- how businesses are currently using visitor data to deliver tailored experiences,
- why this current approach does not suffice for real 1:1 personalization,
- what a better alternative looks like,
- and why that alternative might be easier than you think.
The problem with how personalization is done today
The dream of personalization is nothing new to the marketer. Over these past few years, marketing automation tools have been making it easier for marketers to try to get the right message to the right person at the right time via trigger-based marketing.
In a trigger campaign, a user’s action (such as a click, email open, pageview, etc) triggers the marketing automation software to perform an action – such as send a specific email or show a specific piece of content. This type of marketing requires a marketing automation tool, like Marketo or Hubspot for instance, that uses this basic set of user information to personalize content.
These practices have become the standard for personalization and consumers say that they don’t feel like brands are meeting their needs.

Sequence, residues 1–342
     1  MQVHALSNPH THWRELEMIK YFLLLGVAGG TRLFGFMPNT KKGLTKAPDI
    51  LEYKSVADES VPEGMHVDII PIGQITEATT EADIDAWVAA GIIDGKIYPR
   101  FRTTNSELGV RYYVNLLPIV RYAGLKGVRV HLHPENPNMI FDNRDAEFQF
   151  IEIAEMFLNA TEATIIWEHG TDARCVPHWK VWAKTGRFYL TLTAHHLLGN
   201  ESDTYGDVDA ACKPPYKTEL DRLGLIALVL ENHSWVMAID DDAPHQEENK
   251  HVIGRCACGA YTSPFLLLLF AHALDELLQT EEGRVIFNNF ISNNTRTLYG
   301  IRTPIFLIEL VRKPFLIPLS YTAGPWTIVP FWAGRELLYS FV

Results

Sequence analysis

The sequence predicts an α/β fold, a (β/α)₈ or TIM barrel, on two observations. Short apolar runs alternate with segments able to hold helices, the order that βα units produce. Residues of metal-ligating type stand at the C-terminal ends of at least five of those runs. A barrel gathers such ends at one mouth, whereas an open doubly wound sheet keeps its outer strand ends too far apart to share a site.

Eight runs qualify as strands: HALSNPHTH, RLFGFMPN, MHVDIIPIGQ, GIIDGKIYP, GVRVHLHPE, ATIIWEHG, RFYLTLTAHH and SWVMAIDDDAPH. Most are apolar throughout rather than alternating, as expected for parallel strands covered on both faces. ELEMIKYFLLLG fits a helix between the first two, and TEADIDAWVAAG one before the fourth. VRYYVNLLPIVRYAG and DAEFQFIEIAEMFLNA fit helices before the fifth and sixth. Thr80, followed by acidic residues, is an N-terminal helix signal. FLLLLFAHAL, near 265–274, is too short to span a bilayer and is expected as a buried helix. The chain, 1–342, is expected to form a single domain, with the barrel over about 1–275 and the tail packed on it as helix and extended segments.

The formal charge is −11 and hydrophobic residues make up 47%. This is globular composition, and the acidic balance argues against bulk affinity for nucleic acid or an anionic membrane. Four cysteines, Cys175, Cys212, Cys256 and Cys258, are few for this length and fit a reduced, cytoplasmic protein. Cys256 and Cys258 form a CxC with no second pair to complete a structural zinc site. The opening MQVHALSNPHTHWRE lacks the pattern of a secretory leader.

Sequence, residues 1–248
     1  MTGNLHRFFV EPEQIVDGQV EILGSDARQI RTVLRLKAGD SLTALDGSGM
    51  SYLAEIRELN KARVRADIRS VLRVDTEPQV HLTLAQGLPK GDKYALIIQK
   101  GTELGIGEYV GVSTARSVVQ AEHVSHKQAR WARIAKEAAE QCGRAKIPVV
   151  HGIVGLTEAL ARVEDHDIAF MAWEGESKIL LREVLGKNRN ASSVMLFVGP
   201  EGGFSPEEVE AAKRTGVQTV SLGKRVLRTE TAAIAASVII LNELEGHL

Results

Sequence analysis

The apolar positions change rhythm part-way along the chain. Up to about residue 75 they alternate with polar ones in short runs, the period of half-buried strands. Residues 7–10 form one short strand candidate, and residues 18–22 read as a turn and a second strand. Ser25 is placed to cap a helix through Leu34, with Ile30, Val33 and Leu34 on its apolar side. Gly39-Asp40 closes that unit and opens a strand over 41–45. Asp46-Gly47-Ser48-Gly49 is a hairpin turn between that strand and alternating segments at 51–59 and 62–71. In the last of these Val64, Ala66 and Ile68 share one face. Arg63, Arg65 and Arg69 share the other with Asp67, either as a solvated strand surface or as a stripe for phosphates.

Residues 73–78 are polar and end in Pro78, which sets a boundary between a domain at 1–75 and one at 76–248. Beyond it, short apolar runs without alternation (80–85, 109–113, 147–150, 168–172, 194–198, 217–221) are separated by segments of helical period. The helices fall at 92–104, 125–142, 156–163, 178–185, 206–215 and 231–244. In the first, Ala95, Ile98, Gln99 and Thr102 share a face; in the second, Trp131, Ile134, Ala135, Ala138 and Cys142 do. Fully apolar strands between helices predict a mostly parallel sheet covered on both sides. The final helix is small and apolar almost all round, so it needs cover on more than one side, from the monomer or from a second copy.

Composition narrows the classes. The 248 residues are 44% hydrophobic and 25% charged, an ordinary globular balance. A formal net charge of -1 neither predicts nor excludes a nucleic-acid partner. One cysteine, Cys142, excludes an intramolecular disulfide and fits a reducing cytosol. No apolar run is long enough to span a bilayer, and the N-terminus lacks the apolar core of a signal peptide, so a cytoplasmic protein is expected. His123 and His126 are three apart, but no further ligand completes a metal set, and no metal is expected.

A reason that trigger-driven personalization can be ineffective is that the content triggered to the visitor is predefined based a persona they may fit, rather than the actual indications of their wants or needs.
Here’s an example: if someone buys a pair of shoes, the marketer would have set a trigger to also show them socks; if someone is looking to vacation in Miami then the automation tool might surface a recommended article about the best cruises that leave from there.
There may be a correlation between shoes and socks, or between visiting Miami and taking a cruise, but do those recommendations actually make sense for that specific consumer? Many brands are designing content workflows around general personas, but marketers are realizing that the general approach is just not enough to make an experience personalized.